The Ceremony.

Hair and makeup done by friends. I was so in love.Screen Shot 2017-08-27 at 9.47.29 PM.pngCeremony set up done by friends and myself in the morning. The weather was great, which was lucky as we had no backup plan.Screen Shot 2017-08-27 at 9.49.15 PM.pngObi Wan kept a lookout for birds the whole time. He didn’t see the love birds right behind him. (Sorry, that is terrible.)Screen Shot 2017-08-27 at 9.51.03 PM.pngThe getaway vehicle arrived after the kissing part.Screen Shot 2017-08-27 at 9.52.14 PM.pngScreen Shot 2017-08-27 at 9.51.57 PM.pngScreen Shot 2017-08-27 at 9.51.39 PM.pngScreen Shot 2017-08-27 at 9.46.46 PM.pngWe got lots of honks on the drive home.Screen Shot 2017-08-27 at 9.57.04 PM.png

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Dipnetting.

As real Alaska residents we are allowed to put a net into the water and scoop out fish. We previously did this for Hooligan. Now it was time to do it for salmon.

ADF&G: This popular fishery takes place from late June through July in the marine waters of Cook Inlet just off the mouth of the Kenai River. Since 2003, Alaskans harvest between 130,000 and 540,000 sockeye salmon annually in this fishery.

The Kenai River is a large glacial system draining the central Kenai Peninsula. The river begins at Kenai Lake near the community of Cooper Landing and flows approximately 82 miles down to its mouth in Upper Cook Inlet, near the community of Kenai. The City of Kenai is approximately 160 highway miles south of Anchorage.

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We loaded onto the boat on this rainy day and stuck our nets in the water.Screen Shot 2017-07-26 at 9.20.23 AM.pngWe held the nets in the water until feeling a thrashing fish. Then you quickly lift the net out of the water and into the boat. Your crew pounces on the fish (or multiple fish if you are lucky) and swiftly kills and bleeds them.

Occasionally, you get a monster!Screen Shot 2017-07-26 at 9.20.45 AM.png

When you get home, the real work begins.Screen Shot 2017-07-26 at 9.21.17 AM.png

The (borrowed) smoker was hard at work.Screen Shot 2017-07-26 at 9.21.26 AM.png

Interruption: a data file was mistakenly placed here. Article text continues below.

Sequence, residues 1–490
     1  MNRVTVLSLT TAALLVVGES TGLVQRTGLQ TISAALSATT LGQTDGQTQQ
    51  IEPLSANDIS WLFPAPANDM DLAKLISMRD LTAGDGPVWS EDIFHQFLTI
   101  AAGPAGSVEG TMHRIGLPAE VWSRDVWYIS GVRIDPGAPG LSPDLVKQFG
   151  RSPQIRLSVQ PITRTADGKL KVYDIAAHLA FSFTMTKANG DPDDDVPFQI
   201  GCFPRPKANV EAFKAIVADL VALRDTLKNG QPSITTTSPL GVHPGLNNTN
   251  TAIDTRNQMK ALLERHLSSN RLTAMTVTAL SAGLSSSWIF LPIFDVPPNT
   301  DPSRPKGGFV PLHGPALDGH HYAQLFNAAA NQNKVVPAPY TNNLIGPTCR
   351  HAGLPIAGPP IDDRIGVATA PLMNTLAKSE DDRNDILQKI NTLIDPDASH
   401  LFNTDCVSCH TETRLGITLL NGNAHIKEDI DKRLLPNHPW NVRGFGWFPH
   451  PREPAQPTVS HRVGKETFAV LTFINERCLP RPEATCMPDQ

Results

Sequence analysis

The (new) freezer is full now!

Return for the Kings.

Having successfully caught a King Salmon on the fly, I wanted to show me friends why it is so exciting. We headed back down to Anchor River and fished until nearly midnight. Hardly needed headlamps.Screen Shot 2017-07-26 at 8.47.56 AM.png Unsuccessful on day one, it did not matter with a “sunset” like this. Screen Shot 2017-07-26 at 8.47.06 AM.png

The next day, the river was closed to fishing so we got to explore Homer and the Homer Spit. Homer is in the news lately because of the fight on immigration that it is battling.Screen Shot 2017-07-26 at 8.48.14 AM.pngScreen Shot 2017-07-26 at 8.48.24 AM.png

The next day, the river was back open and we hit it early. We spent a few cold, almost dark, hours practicing our casts, and hooking and losing a couple of fish. Then it turned on. We found the right spot and the right time and we crushed it. The freezer is starting to fill.Screen Shot 2017-07-26 at 8.48.35 AM.png

Fly Fishing for King Salmon.

After the madness of Memorial Day, we headed south to the Anchor River to see if we could catch a King Salmon on a fly. The patriotism of the bald eagles were in full swing.Screen Shot 2017-06-19 at 10.11.16 PM.pngThe night before we fished, we got to spend some time by a campfire doing the usual things. It seemed like a good omen.Screen Shot 2017-06-19 at 10.11.28 PM.png

The evening was lovely.

Screen Shot 2017-06-19 at 10.11.44 PM.pngThe next day, we had a hook up! Hanapa’a.Screen Shot 2017-06-19 at 10.11.54 PM.pngScreen Shot 2017-06-19 at 10.12.37 PM.pngThe eagles were vigilantly watching to see what would happen.Screen Shot 2017-06-19 at 10.12.09 PM.pngWe did it! We landed one.Screen Shot 2017-06-19 at 10.12.15 PM.png

That gave us plenty of time to explore the beaches in the area. What a beautiful spot!Screen Shot 2017-06-19 at 10.12.24 PM.png